The event is on Tuesday, March 23, at 6 pm. It's free and can be accessed online. Click here to register.

March 24 — Houston Startup Showcase

The Houston Startup Showcase is a flagship event from The Ion, formerly known as Demo Day. This event will allow for developing companies to receive feedback from subject matter experts and showcase their successes thus far. The event is a year-long series of monthly pitch competitions, and results in a final winner to close the series in November. Companies are encouraged to apply online to pitch.

The event is on Wednesday, March 24, at 6 pm. It's free and can be accessed online. Click here to register.

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New Houston-based venture capital firm emerges to focus on energy transition

money moves

Two Texas entrepreneurs recently announced what they say is the first venture fund in Texas exclusively dedicated to investing in energy transition technologies.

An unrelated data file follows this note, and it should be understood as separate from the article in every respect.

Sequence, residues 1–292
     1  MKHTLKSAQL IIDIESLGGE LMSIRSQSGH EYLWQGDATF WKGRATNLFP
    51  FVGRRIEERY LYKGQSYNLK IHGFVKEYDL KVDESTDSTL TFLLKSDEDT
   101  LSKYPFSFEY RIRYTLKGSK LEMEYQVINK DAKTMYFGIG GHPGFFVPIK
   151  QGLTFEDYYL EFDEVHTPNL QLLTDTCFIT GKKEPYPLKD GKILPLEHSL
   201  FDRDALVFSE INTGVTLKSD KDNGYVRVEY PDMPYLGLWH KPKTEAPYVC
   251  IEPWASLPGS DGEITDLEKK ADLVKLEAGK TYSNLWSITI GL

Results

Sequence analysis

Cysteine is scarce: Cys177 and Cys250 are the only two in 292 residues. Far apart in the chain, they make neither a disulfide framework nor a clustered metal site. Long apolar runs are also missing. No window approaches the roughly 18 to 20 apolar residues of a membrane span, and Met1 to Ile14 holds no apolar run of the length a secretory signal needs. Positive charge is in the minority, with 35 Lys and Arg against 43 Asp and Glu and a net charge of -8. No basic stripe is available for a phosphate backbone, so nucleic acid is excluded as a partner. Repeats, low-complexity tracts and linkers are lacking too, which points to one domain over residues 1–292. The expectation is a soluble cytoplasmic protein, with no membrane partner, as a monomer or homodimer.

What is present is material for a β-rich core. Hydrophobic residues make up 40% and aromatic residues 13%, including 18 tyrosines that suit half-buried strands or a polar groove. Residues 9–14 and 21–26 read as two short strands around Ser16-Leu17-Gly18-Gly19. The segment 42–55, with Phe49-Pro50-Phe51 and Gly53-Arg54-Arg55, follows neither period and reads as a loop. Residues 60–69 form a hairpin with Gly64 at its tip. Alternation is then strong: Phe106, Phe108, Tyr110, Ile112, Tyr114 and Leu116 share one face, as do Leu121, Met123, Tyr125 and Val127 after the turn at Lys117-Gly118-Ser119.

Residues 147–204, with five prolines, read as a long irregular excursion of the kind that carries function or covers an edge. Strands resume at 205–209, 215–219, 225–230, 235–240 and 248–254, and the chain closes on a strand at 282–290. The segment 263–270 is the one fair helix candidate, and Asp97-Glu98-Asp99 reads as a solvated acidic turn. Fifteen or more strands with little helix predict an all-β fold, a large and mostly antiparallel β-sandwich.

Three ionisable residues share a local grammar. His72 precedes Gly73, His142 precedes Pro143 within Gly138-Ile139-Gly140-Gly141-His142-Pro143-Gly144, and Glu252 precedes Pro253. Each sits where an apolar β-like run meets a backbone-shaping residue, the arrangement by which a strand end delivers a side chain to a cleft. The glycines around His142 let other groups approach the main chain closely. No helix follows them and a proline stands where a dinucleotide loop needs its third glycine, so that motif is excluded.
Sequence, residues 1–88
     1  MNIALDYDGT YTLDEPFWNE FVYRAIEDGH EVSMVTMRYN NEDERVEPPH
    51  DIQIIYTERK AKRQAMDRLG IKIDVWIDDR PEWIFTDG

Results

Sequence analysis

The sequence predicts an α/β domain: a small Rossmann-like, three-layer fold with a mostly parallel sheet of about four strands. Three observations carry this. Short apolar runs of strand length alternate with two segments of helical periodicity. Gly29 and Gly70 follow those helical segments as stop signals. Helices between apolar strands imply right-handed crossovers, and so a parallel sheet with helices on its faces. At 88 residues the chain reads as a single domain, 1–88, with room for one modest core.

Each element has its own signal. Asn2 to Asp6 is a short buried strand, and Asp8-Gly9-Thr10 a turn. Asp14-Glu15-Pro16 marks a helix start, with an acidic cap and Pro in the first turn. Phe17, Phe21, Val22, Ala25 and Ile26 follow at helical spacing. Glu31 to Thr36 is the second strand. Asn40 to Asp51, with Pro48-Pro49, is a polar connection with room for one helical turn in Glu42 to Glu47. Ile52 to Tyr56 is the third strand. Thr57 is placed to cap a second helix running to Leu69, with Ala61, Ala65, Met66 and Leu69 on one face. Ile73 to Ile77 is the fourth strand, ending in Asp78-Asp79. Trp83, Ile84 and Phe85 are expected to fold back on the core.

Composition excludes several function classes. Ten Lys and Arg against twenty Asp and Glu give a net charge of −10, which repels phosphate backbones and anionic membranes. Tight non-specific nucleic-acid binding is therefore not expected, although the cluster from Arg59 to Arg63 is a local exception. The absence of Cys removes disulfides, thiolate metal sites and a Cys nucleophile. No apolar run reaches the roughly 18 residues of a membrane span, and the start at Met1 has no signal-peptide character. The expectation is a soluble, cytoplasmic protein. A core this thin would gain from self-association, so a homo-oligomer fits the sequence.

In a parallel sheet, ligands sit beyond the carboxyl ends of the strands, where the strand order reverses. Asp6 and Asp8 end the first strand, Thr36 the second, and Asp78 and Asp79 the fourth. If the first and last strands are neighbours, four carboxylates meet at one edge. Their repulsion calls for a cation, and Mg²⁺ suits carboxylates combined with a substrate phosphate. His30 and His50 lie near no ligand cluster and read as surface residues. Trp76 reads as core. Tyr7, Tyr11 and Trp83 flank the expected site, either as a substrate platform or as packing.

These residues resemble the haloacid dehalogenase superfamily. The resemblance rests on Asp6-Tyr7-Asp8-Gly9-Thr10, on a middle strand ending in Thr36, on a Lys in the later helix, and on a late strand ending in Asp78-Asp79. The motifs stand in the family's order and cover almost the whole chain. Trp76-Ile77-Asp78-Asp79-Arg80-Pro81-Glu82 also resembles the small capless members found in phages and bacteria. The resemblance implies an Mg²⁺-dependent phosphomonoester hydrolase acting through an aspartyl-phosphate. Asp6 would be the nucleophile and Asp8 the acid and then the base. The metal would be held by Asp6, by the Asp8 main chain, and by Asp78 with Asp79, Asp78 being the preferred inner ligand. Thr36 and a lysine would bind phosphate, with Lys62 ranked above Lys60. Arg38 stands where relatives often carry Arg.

Houston-based Energy Transition Ventures — led by Craig Lawrence and Neal Dikeman — officially emerged from stealth mode with anchor investment from two operating companies from the GS Group of Korea. The fund closed its first capital in February this, completed its first investment in March, and looks to close new investors for a total fund size of $75 million, according to a press release.

"In the near future, energy is going to be delivered and used completely differently. Marginal and average energy and CO2e prices are now on a long term deflationary trend," says Dikeman in the release. "There are 500 multi-billion dollar energy companies globally, and massive portions of global GDP, that are going to get disrupted in the energy transition, from energy & power, transport, real estate, industrial to consumer to agriculture."

Dikeman, who is the managing partner at Old Growth Ventures, a family office investor, also chairs the board at nonprofit cleantech accelerator Cleantech.org, virtual research institute. In 2001, he co-founded San Francisco based cleantech investment firm Jane Capital in 2001.